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Garden report

August 2, 2011

It’s very temperate here in Auckland, New Zealand, and so even though it’s technically winter, my garden is getting all springy. I’ve been neglecting it terribly but thankfully it’s just kept on doing its own thing. On occasions I go through a pique of planting and then a few months later I return to find that some of my plantings have flourished; others have been devoured by tiger slugs.

I got into kale when I was living in the States. It’s not really common here even though it grows abundantly. It’s just so robustly green and when you eat it you feel like you are being iron-lined. One of my favourite ways of eating it is first blanching it in salted boiling water, then sautéeing it in olive oil with crushed fennel seeds and garlic.

I always keep flowers in a pot by my door because they cheer me up. And I have rogue irises in my veggie garden. Every year I think I’ve dug out all the bulbs but every year they spring up in greater profusion. Perhaps they like being culled. They are the iris resistance movement. Of course I’m not complaining.
This is my magnolia tree. I love magnolias. I like their furry little buds that might turn into Totoros. This variety is one of my favourites – pink on the outside, white on the inside.

My apple tree is still doing what it’s meant to be doing: forming buds for spring. We planted this tree a few years ago, shortly after we moved here. It was only a single stick; it had no branches. But now it’s got lots, sprouting all over the place.

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Oranges are not the only fruit, part 2

August 2, 2011

If you missed the first part of this Ruth Manning-Sanders collected folk tale, read it here.

Oranges are not the only fruit

August 1, 2011

This is an adaption of another Ruth Manning-Sanders collected folk story: Selim and the Snake Queen. Read other adaptations I’ve done here and here.

Tune in tomorrow for part 2!

The enemy of obscurity

July 28, 2011


My sister, an artist, told me about a short film she saw by Tacita Dean. It filmed Michael Hamburger, a poet and translator, walking through his East Anglian house and orchard, showing the filmmaker the rare apples he grew from pips. I love this idea – that someone is ensuring that the beautiful old varieties don’t die out, that they are taking the time to cultivate them from seed, surely a difficult task. I can imagine him, picking an apple from over a fence, eating it, then spitting the pips into a small paper bag he might keep in his pocket for that purpose. Folding the bag over on itself three times, then pencilling a note about its origins on its bumpy side. It seemed fitting that he also translated literature so that wonderful books, previously unavailable to non-German speakers, could now be read. Michael Hamburger died in 2007; you can read his obituaries here and here.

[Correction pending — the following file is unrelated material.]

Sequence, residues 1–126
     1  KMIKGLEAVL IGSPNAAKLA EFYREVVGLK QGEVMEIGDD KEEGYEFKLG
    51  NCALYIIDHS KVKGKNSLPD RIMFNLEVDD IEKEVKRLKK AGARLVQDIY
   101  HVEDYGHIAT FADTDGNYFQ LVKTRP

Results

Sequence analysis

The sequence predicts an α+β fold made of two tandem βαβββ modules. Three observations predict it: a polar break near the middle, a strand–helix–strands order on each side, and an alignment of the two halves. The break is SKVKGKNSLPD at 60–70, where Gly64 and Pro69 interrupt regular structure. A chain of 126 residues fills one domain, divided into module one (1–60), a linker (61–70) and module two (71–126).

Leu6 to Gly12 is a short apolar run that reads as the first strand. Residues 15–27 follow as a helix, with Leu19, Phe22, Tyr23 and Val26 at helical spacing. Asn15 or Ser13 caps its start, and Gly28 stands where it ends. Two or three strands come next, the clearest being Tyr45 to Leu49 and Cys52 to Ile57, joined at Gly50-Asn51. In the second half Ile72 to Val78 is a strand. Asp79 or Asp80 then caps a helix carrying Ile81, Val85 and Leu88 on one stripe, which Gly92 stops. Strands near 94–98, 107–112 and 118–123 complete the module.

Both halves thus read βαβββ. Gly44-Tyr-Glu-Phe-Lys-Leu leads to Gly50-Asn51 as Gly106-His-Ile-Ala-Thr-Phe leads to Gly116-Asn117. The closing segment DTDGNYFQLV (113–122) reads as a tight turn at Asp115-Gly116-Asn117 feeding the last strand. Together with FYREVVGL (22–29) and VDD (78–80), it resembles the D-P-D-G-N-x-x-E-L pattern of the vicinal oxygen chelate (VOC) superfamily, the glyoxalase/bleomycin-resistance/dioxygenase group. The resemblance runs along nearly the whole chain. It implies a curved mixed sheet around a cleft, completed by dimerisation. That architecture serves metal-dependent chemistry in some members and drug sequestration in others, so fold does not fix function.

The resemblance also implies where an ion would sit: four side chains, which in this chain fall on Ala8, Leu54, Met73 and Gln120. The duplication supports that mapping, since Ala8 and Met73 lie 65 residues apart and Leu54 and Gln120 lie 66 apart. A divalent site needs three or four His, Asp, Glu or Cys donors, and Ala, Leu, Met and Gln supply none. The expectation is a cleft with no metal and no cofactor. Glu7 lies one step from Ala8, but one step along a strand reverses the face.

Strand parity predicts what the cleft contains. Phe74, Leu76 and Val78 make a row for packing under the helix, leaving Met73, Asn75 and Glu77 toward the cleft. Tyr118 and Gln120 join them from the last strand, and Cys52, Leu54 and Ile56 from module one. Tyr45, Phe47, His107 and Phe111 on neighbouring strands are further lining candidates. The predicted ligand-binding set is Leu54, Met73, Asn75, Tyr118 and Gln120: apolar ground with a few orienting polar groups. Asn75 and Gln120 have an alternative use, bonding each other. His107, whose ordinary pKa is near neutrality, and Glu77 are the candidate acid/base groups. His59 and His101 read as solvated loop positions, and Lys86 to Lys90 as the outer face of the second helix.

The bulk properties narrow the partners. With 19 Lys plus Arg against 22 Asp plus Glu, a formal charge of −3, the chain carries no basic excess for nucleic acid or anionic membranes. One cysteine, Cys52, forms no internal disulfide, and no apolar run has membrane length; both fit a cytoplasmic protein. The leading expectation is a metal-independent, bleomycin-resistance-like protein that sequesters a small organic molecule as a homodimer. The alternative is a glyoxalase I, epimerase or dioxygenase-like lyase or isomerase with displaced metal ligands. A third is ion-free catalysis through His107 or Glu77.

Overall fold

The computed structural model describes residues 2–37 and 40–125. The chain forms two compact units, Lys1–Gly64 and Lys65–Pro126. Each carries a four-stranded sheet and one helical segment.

Do you remember the fruit you ate as a child? It was different, wasn’t it? My next-door neighbours had a giant plum tree with the darkest, juiciest of plums. We’d scramble up the woodpile, stand on the corrugated iron roof of the shed, and hoist ourselves into the branches. We’d gorge on all the plums we could reach. There was another tree that grew yellow plums, but you could pick those by standing on tiptoe, which made them seem not quite so delicious. Whenever I see a dark plum in the shop I buy it, in case it’s the same variety as that special tree. But it never is.

Stuffed apples

July 28, 2011

The Big Apple comes to Pt Chevalier

July 27, 2011

I did a bit of googling, and I discovered that it’s 26 years since Desperately Seeking Susan was released.  I googled the shop and found out that it’s a Pop-up shop, only there till the end of the week, which is cool.

I also realised that I had remembered all wrong, and they were black sequined boots, not leopard skin ones. But there were definitely some coats in the shop like the ones in the East Village store. Here is the youtube clip of the ‘Love Saves the Day’ scene:

Brave new apples

July 26, 2011

Would you eat one that looked like this?